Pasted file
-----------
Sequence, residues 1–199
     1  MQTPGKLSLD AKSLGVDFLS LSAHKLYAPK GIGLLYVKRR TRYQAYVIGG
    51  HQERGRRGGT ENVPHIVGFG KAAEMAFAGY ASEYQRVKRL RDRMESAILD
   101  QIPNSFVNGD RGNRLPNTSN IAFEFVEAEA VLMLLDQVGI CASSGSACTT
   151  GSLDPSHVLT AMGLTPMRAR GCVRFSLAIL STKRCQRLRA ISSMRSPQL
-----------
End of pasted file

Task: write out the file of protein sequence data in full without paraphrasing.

Sequence, residues 1–199
     1  MQTPGKLSLD AKSLGVDFLS LSAHKLYAPK GIGLLYVKRR TRYQAYVIGG
    51  HQERGRRGGT ENVPHIVGFG KAAEMAFAGY ASEYQRVKRL RDRMESAILD
   101  QIPNSFVNGD RGNRLPNTSN IAFEFVEAEA VLMLLDQVGI CASSGSACTT
   151  GSLDPSHVLT AMGLTPMRAR GCVRFSLAIL STKRCQRLRA ISSMRSPQL